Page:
The retail real estate sector that comprises mall operators is once again facing considerable challenges on the back of the second wave of COVID-19. Footfalls are down to 35% to 50% depending on the geography and the intensity of the curbs.
The net operating income of mall operators is also expected to be hit by fresh localised restrictions, ICRA said in its recent analysis.
The weakening financial profile of tenants, particularly of highly impacted sectors, such as multiplexes, family entertainment centres, food courts and restaurants, is further exacerbating the situation. Thus, rental collections are likely to remain under pressure, at least over the near term, it said.
In the absence of any support to the retail realty sector, such as the moratorium on debt obligations, which was available during March-August 2020, the extent of liquidity and financial flexibility available with mall operators will remain a critical determinant of their ability to tide over the cash flow disruptions.
Larger players, with strong parentage, healthy balance sheets, and better credit availability, are expected to be better positioned to manage the growing risks, it said.
“The net operating income (NOI) of mall operators is getting hit by the fresh localised restrictions being imposed by states, which, in turn, is further impacting debt coverage and protection metrics. The larger players were able to tide over the earlier disruptions on the back of diversified revenue streams from varied segments, available liquidity and strong tenant profile,” said Mahi Agarwal, sector head and assistant vice president at ICRA.
Smaller players, however, faced challenges given their lower diversification and portfolio strength, limited liquidity and credit availability. With the onset of this second wave now, overall sectoral stress is increasing. Though the effective vaccine rollout is expected to serve as a strong mitigant to these risks, ramp-up of the same remains to be seen. Absence of support measures, such as the debt moratorium, and reduced liquidity levels, given the utilisation of such funds during FY2021, further exacerbates the risks, she said.
According to an analysis by ICICI Securities, given the second wave of COVID and increasing restrictions or lock-downs in various Indian states/cities, especially in Maharashtra, all shopping malls across Mumbai and Pune will remain closed from the beginning of April 2021 onwards until the lockdown continues. In FY21, most mall developers had offered a 50% waiver for the year and as per agreements with most retailers (barring multiplexes), mall rentals were to revert back to pre-Covid minimum guarantee levels from Q1FY21.
However, the fresh round of lockdowns may lead to another round of rental negotiations/waivers having to be offered by mall owners in FY22E as well, it said.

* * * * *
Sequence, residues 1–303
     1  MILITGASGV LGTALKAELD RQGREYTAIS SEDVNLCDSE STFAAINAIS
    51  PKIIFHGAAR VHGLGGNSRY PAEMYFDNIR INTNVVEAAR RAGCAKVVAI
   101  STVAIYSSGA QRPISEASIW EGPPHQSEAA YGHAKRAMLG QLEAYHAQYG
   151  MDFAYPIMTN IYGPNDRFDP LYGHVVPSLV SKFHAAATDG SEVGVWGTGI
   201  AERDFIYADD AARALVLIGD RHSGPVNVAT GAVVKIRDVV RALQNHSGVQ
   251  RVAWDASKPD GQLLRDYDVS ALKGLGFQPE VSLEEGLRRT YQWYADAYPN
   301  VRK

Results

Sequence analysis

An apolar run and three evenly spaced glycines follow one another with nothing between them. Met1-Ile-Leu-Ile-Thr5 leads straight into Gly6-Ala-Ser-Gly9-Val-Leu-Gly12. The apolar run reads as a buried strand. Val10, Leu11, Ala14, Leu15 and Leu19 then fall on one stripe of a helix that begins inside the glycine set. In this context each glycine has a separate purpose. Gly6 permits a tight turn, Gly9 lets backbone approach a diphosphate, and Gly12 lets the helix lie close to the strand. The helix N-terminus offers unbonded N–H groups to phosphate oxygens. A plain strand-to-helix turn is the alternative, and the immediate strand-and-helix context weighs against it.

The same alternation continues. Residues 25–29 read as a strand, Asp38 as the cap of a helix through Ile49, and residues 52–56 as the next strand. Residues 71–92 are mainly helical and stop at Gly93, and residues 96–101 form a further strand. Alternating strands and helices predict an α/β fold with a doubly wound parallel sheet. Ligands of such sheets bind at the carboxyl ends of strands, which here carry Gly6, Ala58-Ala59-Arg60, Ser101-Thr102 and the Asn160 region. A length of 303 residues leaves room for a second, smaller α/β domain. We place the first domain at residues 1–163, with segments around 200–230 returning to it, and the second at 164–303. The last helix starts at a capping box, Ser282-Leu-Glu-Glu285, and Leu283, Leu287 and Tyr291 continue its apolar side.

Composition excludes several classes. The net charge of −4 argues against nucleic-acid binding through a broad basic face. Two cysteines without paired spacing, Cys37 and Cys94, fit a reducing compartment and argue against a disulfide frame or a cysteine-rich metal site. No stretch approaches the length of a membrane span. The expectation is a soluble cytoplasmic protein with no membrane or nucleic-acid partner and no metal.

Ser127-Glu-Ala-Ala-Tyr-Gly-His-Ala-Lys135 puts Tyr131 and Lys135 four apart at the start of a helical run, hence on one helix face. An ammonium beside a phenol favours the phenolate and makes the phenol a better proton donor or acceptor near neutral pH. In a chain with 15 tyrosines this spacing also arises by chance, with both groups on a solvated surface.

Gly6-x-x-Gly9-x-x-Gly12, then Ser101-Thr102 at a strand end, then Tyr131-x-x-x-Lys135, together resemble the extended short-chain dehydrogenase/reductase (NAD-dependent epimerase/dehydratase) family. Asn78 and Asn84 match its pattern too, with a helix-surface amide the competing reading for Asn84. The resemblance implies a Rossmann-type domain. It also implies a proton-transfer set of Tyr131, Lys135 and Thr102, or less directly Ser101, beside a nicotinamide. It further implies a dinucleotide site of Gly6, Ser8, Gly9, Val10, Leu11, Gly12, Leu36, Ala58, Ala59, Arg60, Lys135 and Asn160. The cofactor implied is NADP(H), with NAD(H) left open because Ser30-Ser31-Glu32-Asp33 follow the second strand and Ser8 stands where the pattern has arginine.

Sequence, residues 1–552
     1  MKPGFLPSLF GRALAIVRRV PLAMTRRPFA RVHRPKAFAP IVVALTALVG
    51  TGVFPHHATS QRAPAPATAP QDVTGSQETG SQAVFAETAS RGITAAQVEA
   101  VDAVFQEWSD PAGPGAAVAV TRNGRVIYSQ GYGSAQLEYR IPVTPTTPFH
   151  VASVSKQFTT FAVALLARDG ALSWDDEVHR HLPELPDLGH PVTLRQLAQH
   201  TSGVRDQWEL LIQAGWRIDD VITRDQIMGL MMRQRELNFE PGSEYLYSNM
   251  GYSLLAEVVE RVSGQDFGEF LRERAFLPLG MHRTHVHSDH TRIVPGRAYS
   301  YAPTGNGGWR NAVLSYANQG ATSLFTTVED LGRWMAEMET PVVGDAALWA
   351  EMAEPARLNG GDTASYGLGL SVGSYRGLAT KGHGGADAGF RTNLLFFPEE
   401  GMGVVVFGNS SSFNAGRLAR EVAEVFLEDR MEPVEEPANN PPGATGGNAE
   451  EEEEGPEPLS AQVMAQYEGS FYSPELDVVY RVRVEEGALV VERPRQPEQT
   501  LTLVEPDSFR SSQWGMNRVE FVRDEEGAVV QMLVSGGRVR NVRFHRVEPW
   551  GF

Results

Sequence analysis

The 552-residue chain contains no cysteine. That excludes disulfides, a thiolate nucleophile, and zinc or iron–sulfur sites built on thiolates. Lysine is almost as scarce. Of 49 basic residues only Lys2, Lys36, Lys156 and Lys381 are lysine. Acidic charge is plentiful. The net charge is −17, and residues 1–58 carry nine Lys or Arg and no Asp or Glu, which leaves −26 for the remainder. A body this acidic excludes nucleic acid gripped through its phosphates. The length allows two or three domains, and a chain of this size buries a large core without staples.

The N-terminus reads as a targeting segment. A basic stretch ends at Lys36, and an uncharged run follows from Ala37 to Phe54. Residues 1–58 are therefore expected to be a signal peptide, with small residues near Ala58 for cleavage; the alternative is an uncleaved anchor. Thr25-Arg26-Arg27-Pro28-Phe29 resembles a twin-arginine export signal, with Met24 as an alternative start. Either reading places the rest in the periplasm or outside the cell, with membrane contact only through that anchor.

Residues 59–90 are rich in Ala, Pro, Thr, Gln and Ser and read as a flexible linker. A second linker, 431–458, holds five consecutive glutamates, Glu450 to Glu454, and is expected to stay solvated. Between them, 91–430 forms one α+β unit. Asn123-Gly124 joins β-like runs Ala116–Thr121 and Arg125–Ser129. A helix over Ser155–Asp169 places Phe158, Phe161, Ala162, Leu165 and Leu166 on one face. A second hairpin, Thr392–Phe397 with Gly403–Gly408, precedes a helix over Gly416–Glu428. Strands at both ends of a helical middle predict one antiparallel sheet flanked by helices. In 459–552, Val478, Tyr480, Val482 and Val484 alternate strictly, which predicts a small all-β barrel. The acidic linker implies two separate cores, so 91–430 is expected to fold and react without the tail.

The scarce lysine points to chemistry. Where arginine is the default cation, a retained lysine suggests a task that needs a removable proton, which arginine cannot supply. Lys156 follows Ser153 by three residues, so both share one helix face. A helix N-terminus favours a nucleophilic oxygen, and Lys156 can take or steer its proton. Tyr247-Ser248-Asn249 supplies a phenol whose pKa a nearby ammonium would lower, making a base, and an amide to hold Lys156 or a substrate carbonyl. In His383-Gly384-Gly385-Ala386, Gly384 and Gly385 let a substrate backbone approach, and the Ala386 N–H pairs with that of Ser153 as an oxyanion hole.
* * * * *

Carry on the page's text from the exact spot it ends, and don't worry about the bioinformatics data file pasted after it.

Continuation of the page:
Rajneesh Mahajan, CEO, Inorbit Malls and director, Shopping Centres Association of India (SCAI) told Moneycontrol that the second wave of COVID-19 and the restrictions across states has led to footfalls dropping by half.
“We were at 80% levels but today we are down to anything between 35% to 50% from the levels we were in the first week of March because maximum traction in malls is over the weekends and in the evenings. Currently, some states have imposed a weekend lockdown, some have imposed night curfews and others have a full-fledged lockdown in place,” he said, adding the clock is being reset yet again.
But he hopes the ramp up is faster this year than last year. The first category reopened in June (essentials and F&B) and the last category (multiplexes) in the month of October. “I hope sales recover and resumption in consumption takes place by July.”
However, the financial health of businesses are weaker this year as profitability took a beating last year. “It is going to be tough for mall operators, individual property owners and retailers this time around. Smaller players will experience higher pain as their vulnerability is higher,” he said.
As for which segment is expected to bounce back first, he is of the opinion that unlike last year when the electronics segment did well as everyone prepared to get settled in the work-from-home mode, this year consumers are well prepared.
“Whoever required a laptop, a cell phone, a printer purchased one last year. While the gap has been filled last year, there will still be categories that will be the need of the hour,” he said.
As for rental waivers, he is of the opinion that the situation is not as bad as last year. “Most malls were charging full rentals for the last quarter. We were recovering well and were back to nearly levels before the pandemic stuck. Today, we are not having discussions as we had last time. Everyone is patient and not as anxious as last year with regard to contracts,” he said.
Most retail rental contracts are long term contracts ranging from 3-12 years, and hence emergence of a new rental arrangements is not possible, he added.